football Edit

Spartans sloppy but dominant in 71-56 victory at Penn State


Michigan State has gotten to the point that it can win by double-digits on the road, set a school record, without two key players, and Tom Izzo is still grumbling about the performance and his belief that the Spartans had better not buy the hype.

Michigan State’s wire-to-wire control of Penn State in a 71-56 victory in Happy Valley lifted the No. 6-ranked Spartans (15-2) to a 6-0 record in Big Ten play and an 18th straight win in conference play, dating back to last year. That ties a school record. But Izzo doesn’t care.

“It doesn’t turn me on at all,” Izzo said of the school record. “I’m disappointed how we played. That was like a playoff football game. I thought they (Penn State) physical and I didn’t think we responded very well. We had our moments when we were pretty good. The pressure (defense) bothered us.”

The Spartans had 17 turnovers - their most since 17 in a loss at Louisville on Nov. 27.

“We just got a lead on them and made some shots and they missed some shots I thought they could have made,” Izzo said. “The turnovers were a joke.”

The Spartans were without two key wings, and had an uncharacteristically spotty performance from Cassius Winston, but rode hot second-half shooting from Matt McQuaid and rebounding dominance for the victory.

McQuaid didn’t shoot in the first half, but nailed four 3-pointers in the second half while scoring 15 points for the Spartans. His offense helped make up for the absence of Joshua Langford, who missed a fourth straight game with an ankle injury. Langford’s usual replacement, Kyle Ahrens, missed the game with a back injury.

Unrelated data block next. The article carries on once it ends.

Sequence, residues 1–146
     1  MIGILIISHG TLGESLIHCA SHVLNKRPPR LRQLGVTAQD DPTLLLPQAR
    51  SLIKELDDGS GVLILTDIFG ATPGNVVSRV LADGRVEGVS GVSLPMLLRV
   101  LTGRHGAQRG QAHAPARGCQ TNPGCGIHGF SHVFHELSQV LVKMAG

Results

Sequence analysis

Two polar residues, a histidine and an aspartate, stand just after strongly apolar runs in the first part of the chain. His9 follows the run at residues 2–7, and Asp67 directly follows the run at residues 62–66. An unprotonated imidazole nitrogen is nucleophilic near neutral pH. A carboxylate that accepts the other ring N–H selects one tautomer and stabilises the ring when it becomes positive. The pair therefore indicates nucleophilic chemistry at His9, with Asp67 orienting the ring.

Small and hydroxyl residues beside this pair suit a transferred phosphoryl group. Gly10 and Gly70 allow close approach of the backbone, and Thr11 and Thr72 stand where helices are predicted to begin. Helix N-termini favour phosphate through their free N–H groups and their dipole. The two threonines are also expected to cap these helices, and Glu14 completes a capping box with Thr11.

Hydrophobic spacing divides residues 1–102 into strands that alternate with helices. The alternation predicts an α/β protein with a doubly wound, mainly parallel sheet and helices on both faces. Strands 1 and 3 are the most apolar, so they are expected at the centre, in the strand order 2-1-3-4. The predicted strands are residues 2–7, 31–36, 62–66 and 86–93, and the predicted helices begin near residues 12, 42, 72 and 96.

Freshman Aaron Henry started for the first time in his career. He had seven points, two rebounds, two assists and one turnover.

Lamar Stevens scored 20 points for Penn State (7-10, 0-6), but he needed 18 shots to do it (8-of-18).

Nick Ward led Michigan State with 16 points and 11 rebounds.



Ward had a loud start, being just one rebound shy of a double-double in the first half. But he collected his second and third fouls within the first :90 seconds of the second half, which earned him a trip to the bench.

Winston, meanwhile, was whistled for his third foul late in the first half. This caused Winston to shy away from his usual penetration game, and led directly to some sloppy pass attempts. Winston finished with seven turnovers, six assists and 11 points. He was 3-of-7 from the field.

“I hate to say it but I’ve given him credit for the whole season but I told Cash that was one of the worst games I’ve seen him play,” Izzo said. “Cassius deserves a hall pass because he’s been so, so good, but he was pedestrian today. He was just another guy.

“Maybe we’re all talking about how good we are. We’re not that good. And if he doesn’t play well, we’re not very good at all.

“Nick was pretty good early, then he got in foul trouble. McQuaid was pretty good late.”